Upcoming notable launches include a SpaceX launch from Florida on July 20th and a SpaceX launch from California on July 22nd. Still no firm launch date on the rescheduled Rocket Lab launch.

Around the Solar System

Still no update from NASA’s Opportunity rover, which has been socked in by a dust storm on Mars.

Weekly Links

Down to Earth

Russia will stop building the Proton rocket.

The launch of the James Webb Space Telescope (JWST) has been officially delayed to 2021.

Virgin Orbit has been granted an FAA launch license for its first launch from California.

In Orbit

There were two orbital rocket launches during the last week. On June 27th, China launched a Long March 2C rocket carrying two satellites into orbit. On July 29th, SpaceX launched a Falcon 9 rocket from Florida, carrying a Dragon cargo craft scheduled for arrival at ISS on Monday morning.

Meanwhile, Rocket Lab was not able to launch last week and has delayed their first commercial flight.

Around the Solar System

Out at Mars, there were no updates on the dust storm of the status of the dormant rover Opportunity.

After weeks of a slow approach, Japan’s probe Hayabusa-2 has arrived at asteroid Ryugu, with gorgeous views of the never before explored rock.

Astronomers have new evidence that the interstellar visitor ‘Omuamua was actually a comet, not an asteroid.

Weekly Links

Down to Earth

The United Arab Emirates (UAE) will take advantage on an open seat in an upcoming Soyuz flight to ISS and fly their first homegrown astronaut into orbit.

The US Air Force has awarded a contract to SpaceX to launch a DOD satellite on a Falcon Heavy in 2020.

Last week the President of the United States signed Space Policy Directive 3, which establishes a formal National Space Traffic Management Policy.

In Orbit

There were no orbital rocket launches or major mission events at the International Space Station last week. However, the NanoRacks Remove Debris (or RemDeb) satellite was deployed from the ISS. This satellite will demonstrate techniques for reducing orbital debris in Low Earth Orbit (LEO).

The ISS crew continues to be busy with maintenance and science as always. Here’s a selection of some of their most interesting photos posted to Twitter last week.

In upcoming launches, Rocket Lab will attempt to launch their next Electron rocket on Tuesday (New Zealand time) and SpaceX will launch their next Dragon resupply to ISS next Friday.

Around the Solar System

Japan’s Hayabusa-2 continues to get closer to its destination, asteroid Ryugu. Some more detailed images of the unexplored rock were downlinked last week.

NASA’s Dawn spacecraft has been slowly lowering its orbit around asteroid Ceres to get new unprecedented views of the dwarf planet.

The large dust storm on the surface of Mars continues, with no contact from the rover Opportunity. Rover Curiosity continues to operate in Gale Crater, sending back this recent dusty “selfie.”

Data from Japan’s Akatsuki spacecraft, which orbits Venus, has returned some interesting results about the variability of the planet’s day-night cycle.

Weekly Links

Down to Earth

Peggy Whitson, the American astronaut with the most day’s in space, has retired from NASA.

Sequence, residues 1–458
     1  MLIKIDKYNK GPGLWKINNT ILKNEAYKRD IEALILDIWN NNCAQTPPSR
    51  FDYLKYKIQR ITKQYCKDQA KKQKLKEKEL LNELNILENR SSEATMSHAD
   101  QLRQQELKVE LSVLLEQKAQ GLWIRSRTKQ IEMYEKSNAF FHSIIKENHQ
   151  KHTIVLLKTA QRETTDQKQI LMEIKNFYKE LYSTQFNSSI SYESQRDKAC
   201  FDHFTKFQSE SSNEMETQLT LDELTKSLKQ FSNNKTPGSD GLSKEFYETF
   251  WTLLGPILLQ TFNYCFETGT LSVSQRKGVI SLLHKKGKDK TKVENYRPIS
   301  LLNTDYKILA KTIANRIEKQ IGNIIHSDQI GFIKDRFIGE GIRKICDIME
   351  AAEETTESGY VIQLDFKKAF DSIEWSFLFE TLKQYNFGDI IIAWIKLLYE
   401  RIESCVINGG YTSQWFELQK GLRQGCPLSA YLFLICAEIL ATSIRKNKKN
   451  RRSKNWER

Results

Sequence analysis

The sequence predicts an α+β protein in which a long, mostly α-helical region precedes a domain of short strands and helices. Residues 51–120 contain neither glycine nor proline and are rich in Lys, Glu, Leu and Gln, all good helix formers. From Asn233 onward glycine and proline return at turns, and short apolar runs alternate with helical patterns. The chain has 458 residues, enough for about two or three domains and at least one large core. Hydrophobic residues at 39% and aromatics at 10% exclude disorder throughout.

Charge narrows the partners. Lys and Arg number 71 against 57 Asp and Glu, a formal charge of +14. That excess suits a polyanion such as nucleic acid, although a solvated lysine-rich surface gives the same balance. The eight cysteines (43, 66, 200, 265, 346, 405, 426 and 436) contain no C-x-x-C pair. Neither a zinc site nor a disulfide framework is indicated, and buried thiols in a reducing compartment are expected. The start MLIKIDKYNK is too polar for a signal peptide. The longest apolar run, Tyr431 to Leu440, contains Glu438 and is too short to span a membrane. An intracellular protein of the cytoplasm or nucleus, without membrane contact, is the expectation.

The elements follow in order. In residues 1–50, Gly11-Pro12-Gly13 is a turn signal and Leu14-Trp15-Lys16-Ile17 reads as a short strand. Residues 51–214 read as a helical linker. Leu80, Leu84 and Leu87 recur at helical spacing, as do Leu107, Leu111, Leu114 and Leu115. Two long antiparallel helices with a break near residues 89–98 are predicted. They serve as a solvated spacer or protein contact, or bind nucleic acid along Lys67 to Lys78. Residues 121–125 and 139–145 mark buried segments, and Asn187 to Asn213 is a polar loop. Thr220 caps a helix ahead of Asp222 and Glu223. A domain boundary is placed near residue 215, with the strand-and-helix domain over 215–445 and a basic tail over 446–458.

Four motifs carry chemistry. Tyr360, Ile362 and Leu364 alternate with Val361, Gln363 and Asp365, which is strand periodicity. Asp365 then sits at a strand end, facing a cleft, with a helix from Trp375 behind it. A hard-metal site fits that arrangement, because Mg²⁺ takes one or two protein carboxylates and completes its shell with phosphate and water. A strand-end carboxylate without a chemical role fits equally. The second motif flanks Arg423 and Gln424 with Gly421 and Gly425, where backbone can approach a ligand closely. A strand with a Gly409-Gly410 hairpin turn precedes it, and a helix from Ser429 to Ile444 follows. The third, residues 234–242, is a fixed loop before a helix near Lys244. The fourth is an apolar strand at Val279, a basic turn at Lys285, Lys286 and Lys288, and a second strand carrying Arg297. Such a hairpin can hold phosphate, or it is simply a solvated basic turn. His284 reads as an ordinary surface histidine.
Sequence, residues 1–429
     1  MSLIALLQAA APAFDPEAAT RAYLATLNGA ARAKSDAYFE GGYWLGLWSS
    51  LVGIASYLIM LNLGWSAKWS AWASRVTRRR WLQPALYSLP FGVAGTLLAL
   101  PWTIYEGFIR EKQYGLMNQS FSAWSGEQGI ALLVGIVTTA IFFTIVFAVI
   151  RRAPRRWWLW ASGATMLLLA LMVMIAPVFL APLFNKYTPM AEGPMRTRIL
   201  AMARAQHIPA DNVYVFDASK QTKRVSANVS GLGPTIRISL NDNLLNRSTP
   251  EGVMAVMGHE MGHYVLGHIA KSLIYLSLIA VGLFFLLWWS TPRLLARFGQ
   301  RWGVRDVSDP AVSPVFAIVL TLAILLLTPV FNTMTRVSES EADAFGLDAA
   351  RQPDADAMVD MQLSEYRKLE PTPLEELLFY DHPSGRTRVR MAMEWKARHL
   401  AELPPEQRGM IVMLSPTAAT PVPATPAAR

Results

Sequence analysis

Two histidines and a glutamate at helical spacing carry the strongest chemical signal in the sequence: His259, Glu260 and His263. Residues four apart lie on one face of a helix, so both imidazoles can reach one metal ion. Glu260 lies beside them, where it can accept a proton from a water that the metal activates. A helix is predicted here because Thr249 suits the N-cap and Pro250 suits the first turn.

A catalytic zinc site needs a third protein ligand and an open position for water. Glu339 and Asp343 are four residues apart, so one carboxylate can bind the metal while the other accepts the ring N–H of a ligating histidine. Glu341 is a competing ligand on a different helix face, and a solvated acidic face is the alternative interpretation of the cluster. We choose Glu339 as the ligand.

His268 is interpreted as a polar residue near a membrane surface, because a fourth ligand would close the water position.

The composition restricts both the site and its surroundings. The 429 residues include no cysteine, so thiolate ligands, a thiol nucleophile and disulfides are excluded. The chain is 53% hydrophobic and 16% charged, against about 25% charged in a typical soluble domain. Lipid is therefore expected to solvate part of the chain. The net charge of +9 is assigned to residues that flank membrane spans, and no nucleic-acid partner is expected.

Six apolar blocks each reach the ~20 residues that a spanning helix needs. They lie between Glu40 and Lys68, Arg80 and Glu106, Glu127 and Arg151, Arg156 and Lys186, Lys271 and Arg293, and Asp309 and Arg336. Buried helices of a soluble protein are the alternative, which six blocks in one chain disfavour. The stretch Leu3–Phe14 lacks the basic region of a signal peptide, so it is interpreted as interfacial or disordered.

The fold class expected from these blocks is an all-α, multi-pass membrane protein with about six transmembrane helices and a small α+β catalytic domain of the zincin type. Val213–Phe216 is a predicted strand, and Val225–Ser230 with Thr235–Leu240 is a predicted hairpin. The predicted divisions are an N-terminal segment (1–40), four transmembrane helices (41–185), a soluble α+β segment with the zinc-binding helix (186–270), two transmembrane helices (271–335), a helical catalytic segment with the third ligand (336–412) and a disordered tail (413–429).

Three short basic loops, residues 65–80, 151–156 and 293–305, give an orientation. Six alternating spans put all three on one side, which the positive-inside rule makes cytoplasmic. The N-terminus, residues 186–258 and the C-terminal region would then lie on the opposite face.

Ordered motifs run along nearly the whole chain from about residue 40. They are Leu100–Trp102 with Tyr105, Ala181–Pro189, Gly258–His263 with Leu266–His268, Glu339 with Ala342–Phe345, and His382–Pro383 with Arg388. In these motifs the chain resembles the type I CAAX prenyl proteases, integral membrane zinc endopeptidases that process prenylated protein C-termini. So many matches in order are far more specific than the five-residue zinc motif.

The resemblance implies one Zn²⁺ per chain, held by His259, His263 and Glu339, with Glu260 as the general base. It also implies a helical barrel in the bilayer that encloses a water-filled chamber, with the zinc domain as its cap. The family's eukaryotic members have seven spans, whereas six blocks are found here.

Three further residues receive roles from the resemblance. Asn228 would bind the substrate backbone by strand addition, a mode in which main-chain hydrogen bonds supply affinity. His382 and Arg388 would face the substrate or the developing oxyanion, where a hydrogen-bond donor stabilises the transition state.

Orbital ATK is no officially a division of Northrop Grumman.

An interesting Pew Research Center poll was getting some media coverage last week, after it showed that the American public’s priorities for NASA do not line up with its official priorities (at least when you measure “priorities” by funding levels).

Check out the trailer for the upcoming film First Man.

The new NASA Johnson Space Center director, Mark Geyer, now has a twitter account.

The soccer ball used to kickoff the 2018 FIFA World Cup was previously flown to the ISS.

In Orbit

There were four orbital rocket launches since my last post on June 5th:

  • June 5 – China launched a Long March 3A rocket carrying a weather satellite.
  • June 6 – Russia launched a Soyuz rocket carrying three new crew members to the ISS.
  • June 12 – Japan launched an HII-A rocket carrying a reconnaissance satellite.
  • June 16 – Russian launched a Soyuz rocket carrying a GLONASS navigation satellite.

In upcoming launches, Rocket Lab will launch its first commercial flight from New Zealand on June 23rd.

The Soyuz crew arrived at the ISS a couple of days after launch, bringing the onboard crew to six withSergey Prokopyev, Serena Auñón-Chancellor, and Alex Gerst now onboard.

Astronauts Drew Feustel and Ricky Arnold completed a nearly 7-hour spacewalk at the ISS last Thursday, in order to complete maintenance activities and install new cameras.

Around the Solar System

A major dust storm on Mars has caused NASA to lose contact with the solar-powered Mars rover Opportunity. The rover is in low power mode waiting out the storm. Mission controllers are waiting for sufficient battery charge to allow the rover to restore communications.

Fortunately, the nuclear powered rover Curiosity can keep on roaming through the dust storm. It captured this image of the hazy sky from Gale Crater.

Scientists with the Curiosity mission published two new papers detailing discoveries related to season methane concentrations in the atmosphere and ancient organic molecules in rock samples.

An extension to NASA’s Juno mission, currently in orbit of Jupiter, has been approved.

Japan’s Hayabusa-2 spacecraft is now close enough to asteroid Ryugu that it has been able to image the small rock.

Out There

Astronomers have made observation of a “tidal event” in which a star is seen falling into a supermassive black hole in a distant galaxy.